FIG. 1 is a block diagram 10 illustrating the integration of a traditional wireless telecommunications system 12 into an exemplary integrated wireless telecommunications system 14. The traditional wireless telecommunications system 12 and the integrated wireless telecommunications system 14 are illustrated as Global System for Mobile Communications (GSM) wireless telecommunications systems. However, it should be understood at the outset that the present invention, although illustrated herein using a GSM wireless telecommunications system, is in no way limited to GSM wireless telecommunications systems and may be implemented in a variety of wireless telecommunications systems using any of a variety of technologies and technical standards. For example, and without limitation, the present invention may be implemented in wireless telecommunications systems implementing the following technologies and technical standards: Code Division Multiple Access (CDMA); Time Division Multiple Access (TDMA); Frequency Division Multiple Access (FDMA); and Personal Communications Service (PCS).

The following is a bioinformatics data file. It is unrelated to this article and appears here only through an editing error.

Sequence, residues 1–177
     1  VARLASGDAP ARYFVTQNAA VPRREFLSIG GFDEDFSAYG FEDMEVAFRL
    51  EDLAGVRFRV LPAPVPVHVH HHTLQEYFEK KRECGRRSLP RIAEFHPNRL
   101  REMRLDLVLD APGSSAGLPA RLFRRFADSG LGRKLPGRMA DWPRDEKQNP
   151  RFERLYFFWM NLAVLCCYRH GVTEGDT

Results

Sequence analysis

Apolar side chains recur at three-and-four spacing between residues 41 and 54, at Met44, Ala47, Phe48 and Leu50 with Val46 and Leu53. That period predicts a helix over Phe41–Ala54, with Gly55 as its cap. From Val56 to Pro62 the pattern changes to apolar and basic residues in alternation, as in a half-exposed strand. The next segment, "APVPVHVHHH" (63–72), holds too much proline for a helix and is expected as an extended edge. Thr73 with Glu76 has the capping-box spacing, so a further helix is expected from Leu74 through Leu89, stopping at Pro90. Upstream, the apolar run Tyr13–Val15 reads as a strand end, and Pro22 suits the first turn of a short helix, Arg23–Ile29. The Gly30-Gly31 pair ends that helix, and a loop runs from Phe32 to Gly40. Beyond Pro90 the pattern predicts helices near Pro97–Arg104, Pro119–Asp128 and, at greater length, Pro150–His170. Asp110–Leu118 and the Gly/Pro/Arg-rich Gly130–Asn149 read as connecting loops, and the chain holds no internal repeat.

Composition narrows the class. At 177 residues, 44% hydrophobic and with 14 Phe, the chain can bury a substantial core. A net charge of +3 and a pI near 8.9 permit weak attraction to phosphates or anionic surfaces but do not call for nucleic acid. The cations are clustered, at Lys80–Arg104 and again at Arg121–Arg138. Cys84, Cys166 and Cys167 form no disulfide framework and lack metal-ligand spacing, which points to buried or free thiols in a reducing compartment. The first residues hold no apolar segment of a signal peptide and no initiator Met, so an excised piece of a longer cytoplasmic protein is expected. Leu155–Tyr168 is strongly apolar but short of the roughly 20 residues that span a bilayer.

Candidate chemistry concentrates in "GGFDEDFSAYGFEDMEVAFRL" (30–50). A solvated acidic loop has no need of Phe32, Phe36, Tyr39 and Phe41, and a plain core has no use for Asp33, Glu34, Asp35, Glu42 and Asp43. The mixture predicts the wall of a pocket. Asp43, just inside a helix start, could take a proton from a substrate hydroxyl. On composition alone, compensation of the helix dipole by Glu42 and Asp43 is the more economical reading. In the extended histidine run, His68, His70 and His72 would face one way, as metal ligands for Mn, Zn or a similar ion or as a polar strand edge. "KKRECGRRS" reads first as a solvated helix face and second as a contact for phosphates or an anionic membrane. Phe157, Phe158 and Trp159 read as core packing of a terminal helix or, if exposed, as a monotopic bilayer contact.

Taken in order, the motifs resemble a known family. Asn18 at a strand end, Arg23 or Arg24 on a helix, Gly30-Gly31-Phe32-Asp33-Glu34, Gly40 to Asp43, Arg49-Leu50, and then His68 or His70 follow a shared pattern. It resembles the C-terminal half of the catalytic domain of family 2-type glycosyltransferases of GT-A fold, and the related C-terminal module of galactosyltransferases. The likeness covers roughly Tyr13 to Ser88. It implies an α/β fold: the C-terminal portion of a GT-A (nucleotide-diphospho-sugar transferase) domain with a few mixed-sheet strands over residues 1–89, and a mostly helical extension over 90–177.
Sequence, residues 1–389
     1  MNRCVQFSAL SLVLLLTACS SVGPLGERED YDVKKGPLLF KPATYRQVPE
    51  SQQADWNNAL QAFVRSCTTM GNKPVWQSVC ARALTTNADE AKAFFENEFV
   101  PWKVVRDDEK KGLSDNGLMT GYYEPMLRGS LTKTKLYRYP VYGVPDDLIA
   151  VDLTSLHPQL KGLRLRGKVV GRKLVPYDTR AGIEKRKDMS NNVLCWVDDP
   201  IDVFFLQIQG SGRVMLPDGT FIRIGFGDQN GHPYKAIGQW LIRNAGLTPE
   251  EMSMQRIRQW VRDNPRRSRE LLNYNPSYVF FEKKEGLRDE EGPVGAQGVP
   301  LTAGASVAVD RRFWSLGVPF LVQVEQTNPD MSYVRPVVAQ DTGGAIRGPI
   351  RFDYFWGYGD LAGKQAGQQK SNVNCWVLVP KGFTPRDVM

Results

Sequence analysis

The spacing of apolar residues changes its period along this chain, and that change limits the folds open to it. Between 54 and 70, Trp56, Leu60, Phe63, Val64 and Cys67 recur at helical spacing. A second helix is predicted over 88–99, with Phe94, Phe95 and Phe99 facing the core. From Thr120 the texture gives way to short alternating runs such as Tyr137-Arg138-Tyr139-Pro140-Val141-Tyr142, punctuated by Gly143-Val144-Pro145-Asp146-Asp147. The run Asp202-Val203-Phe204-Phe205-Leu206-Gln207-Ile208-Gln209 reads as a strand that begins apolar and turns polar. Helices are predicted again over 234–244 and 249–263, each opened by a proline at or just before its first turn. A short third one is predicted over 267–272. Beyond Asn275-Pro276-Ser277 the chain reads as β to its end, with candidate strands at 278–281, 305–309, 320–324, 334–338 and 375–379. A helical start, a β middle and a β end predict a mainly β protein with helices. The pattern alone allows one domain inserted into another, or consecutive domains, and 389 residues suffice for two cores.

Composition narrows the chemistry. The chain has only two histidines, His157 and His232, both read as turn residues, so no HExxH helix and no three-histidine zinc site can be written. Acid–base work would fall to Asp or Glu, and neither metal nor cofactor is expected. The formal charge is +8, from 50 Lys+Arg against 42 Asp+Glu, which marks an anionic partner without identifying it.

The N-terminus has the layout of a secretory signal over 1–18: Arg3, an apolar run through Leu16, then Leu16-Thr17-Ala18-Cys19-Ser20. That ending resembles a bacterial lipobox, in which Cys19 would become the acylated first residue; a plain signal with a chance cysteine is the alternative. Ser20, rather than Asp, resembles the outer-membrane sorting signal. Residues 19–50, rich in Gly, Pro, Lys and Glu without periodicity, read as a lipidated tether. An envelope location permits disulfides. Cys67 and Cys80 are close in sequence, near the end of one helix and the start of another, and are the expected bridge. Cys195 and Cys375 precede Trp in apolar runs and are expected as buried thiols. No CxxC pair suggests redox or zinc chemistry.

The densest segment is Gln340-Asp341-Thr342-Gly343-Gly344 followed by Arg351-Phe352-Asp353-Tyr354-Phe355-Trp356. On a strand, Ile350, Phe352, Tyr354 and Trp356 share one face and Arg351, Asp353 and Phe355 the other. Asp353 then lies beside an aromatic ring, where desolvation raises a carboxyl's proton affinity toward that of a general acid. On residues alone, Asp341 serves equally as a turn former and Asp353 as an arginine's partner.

The traditional wireless telecommunications system 12 and the integrated wireless telecommunications system 14 are shown coupled to a Public Land Mobile Network (PLMN) 16 and a Public Switched Telephone Network (PSTN) 18 for the exchange of information, including, for example, both voice and data. Of course, although PLMN 16 and PSTN 18 are public networks, the traditional wireless telecommunications system 12 and the integrated wireless telecommunications system 14 may also interface with private networks.